This site has frequent updates with new quizzes, interesting articles and more!

Check out their Winter Wildlife Quiz - http://enature.com/articles/detail.asp?storyID=590

"North American animals have numerous strategies for surviving the winter. Some migrate to warmer climes, others head for a long winter's nap, and some stay where they are and rely on fur, speed, fat, teeth, and claws to keep them safe, warm, and well fed. How much do you know about the winter behavior of North America's animals? Test your winter wildlife knowledge by taking our quiz."

Helpful Tips

Design Your Homeschool

"Hi Heather -- In one of your recent Homeschooler's Notebooks you asked people about their favourite homeschool websites. Well, here is one of my favourites -- hope it is useful for others also.


Thanks for your efforts in sending out your Homeschooler's Notebook, it is always helpful." -- Paula V.

Free Personalized Santa Video - http://portablenorthpole.tv

"Here is a link to create a video from Santa for your kids and loved ones. It is so adorable. We did this last year and it was sweet how his eyes lit up as Santa talked about him. This year he'll get another one that is different. Really cool, check it out." -- Ursula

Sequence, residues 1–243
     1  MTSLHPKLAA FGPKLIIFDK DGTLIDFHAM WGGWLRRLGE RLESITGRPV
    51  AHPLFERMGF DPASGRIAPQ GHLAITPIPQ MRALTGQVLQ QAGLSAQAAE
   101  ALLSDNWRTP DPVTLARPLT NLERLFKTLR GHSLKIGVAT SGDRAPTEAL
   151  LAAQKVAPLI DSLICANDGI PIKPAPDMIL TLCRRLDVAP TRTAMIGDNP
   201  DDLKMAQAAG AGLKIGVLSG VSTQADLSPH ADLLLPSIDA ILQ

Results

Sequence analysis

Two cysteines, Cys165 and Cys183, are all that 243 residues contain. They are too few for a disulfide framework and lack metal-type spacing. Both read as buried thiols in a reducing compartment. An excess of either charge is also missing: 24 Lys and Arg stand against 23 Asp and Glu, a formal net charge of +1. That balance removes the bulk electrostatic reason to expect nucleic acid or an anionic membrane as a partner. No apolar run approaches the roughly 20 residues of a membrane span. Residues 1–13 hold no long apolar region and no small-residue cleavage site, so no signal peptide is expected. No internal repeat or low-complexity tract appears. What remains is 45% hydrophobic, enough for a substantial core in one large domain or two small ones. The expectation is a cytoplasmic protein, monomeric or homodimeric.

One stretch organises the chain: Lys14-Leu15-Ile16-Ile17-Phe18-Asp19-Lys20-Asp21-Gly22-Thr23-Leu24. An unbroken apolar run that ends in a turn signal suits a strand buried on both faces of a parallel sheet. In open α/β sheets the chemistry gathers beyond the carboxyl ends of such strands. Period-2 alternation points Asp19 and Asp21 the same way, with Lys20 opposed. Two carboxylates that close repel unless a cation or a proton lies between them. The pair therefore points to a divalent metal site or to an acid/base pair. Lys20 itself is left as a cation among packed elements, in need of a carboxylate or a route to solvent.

Last Issue's Reader Question

"My oldest child, 12, is non-verbal and lacks gross and fine motor capabilities. She is ambulatory and incontinent. She is severely physically disabled (Cerebral Palsy) but has shown over and over that she understands everything spoken or read to her by smiling or swinging a wild arm to slap a button. She attended public school through 3rd grade and had an aide at her side the entire 7-hour day. I, on the other hand, have 2 other younger students (2nd and 4th grades) and next year we'll add a kindergartner and a newborn! I simply don't have the time to spend with my special needs child that I know she deserves and desires. I don't have the time (nor the patience) to do hand-over-hand cutting, writing, pasting, etc. that she did in public school. All I have been doing with her at this point is reading to her. We've read a variety of subjects and for the most part she is patient and attentive. Is there anyone else out there that has a student that is severely physically disabled and is homeschooling other children at the same time? I know I'm not the first person to experience this and I'd like any input I can get as to best meet the needs of my special needs student. If nothing else, I'd just like affirmation that I'm doing the right thing by reading to her. PS - I have her younger siblings read to her as well... good for her as well as them!" -- Becky in Tennessee

Our Readers' Responses